Jacqueline Murekatate: Making a Ripple, Changing the World

Jacqueline Murekatate: Making a Ripple, Changing the World

Blue Valley North welcomes Jacqueline Murekatete, an internationally recognized human rights activist and Rwandan genocide survivor, to speak to students and staff on Friday, April 10 at 2 p.m. in the gymnasium. Born in Rwanda in 1984, Murekatete was nine years old when she lost her entire immediate and most of her extended family in the 1994 Rwandan genocide.

The motivation behind the genocide is rooted in historic conflict. In the mid 1800s, the Western powers in Europe began to colonize in Africa. Once the powers began to compete for control and territory, 14 colonial powers decided to meet at the Berlin Conference. The nations decided to divide Africa into fifty countries and claimed them for themselves. The colonists sought to create centrally governed nation composed of people with common characteristics.  Rwanda was initially controlled by Germany; however, after World War I Belgium seized control of Rwanda and inflamed old ethnic rivalries in their attempt to manage the colony .

To fortify their control, the Belgian colonists separated Rwanda’s native population into separated classes: Hutu, Tutsi and Twa. Since the Tutsi group looked the most Caucasian, they were considered the superior group and given authority positions. Hutus and Twa were discriminated against even though they made up the overwhelming majority of the population.

The Hutus, constituting 85 percent of Rwanda’s population, were restricted from higher education, land ownership and positions in government. Both the Tutsis and Hutus began to feel resentment towards each other and Belgium and unrest began. To preserve the colonial rule, Belgians altered their decision and chose to instead favor the Hutus.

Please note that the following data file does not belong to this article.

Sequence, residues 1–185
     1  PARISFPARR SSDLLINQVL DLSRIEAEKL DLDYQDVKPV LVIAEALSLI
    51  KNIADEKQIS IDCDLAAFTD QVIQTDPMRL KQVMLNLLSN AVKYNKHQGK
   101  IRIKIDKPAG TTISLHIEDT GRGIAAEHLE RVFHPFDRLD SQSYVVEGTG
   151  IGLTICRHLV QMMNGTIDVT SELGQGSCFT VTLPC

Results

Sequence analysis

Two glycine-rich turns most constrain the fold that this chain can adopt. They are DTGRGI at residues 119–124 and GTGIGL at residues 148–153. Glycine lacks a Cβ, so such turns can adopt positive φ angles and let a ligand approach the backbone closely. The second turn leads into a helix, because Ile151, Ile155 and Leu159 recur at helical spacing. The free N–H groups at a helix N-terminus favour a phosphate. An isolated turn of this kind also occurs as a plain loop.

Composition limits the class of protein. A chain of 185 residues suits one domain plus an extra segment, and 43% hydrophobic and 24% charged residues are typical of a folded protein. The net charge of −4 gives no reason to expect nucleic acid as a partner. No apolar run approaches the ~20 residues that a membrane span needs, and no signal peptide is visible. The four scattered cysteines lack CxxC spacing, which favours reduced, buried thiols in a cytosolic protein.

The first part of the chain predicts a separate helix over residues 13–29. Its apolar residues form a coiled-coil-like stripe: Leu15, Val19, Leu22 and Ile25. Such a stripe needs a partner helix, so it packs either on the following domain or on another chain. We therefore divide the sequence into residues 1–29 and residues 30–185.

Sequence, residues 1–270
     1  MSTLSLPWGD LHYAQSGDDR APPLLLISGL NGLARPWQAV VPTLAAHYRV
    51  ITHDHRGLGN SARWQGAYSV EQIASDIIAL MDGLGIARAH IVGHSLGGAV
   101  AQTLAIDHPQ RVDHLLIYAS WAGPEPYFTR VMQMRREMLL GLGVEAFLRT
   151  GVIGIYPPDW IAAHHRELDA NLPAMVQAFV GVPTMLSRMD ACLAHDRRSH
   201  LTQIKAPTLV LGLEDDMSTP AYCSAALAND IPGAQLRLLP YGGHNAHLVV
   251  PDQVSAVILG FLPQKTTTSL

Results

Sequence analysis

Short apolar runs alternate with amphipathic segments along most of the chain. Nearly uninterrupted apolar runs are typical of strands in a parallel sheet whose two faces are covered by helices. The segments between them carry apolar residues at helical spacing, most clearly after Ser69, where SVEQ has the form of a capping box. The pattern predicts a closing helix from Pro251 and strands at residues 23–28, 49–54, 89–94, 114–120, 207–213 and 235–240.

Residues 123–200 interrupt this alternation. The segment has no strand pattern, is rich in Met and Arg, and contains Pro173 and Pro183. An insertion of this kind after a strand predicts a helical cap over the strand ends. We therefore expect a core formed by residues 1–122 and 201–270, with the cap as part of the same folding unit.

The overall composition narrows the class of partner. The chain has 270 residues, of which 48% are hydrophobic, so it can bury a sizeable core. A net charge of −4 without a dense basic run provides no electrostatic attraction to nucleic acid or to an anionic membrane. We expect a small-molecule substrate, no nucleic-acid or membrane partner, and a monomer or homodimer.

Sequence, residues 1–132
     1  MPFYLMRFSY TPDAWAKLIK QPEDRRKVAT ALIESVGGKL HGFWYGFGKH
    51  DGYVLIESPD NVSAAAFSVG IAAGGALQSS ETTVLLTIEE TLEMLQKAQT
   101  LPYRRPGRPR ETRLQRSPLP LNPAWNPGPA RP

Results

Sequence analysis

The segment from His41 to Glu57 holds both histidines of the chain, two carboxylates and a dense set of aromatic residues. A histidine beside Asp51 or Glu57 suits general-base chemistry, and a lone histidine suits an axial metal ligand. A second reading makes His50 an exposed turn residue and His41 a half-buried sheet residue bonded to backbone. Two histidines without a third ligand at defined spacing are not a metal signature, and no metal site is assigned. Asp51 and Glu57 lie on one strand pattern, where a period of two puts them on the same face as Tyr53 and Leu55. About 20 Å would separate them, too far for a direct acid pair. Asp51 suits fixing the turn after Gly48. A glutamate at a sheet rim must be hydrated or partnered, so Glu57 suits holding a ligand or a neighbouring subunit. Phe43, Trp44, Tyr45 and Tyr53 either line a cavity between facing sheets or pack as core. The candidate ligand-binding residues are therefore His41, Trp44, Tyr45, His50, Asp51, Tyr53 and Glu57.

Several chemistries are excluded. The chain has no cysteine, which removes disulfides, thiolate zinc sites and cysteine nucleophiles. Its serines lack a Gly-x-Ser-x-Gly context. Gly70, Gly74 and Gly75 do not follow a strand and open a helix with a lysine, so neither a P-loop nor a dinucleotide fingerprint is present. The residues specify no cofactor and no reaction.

In 1959, the Tutsi and Hutu groups began to fight. Hutus declared an independent republic and began to kill mass groups of Tutsis. The Hutus reversed the identity classification that had been used against them by the Tutsis. Once the Rwandan President Juvénal Habyarimana was killed, Hutus implemented a mass extermination of Tutsis. Nearly 1 million people were murdered during 100 days of the genocide. According to the United Nations, at least 250,000 women were raped during the genocide.

Murekatete has spoken in more than 300 forums, including schools, community centers, NGO events, UN agencies, and faith-based communities across the United States, Germany, Israel, Ireland, Bosnia and Belgium. She addressed the UN General Assembly on the 10th year anniversary of the 1994 genocide in Rwanda, and she regularly participates in high level human rights forums where she speaks about genocide prevention, gender based violence during genocide, mass atrocities, the importance of justice in post-genocide environments and women’s role in post conflict rebuilding efforts. SevenDays, Make a Ripple, Change the World, is sponsoring the event. For more information, visit givesevendays.org.

Jacqueline Murekatete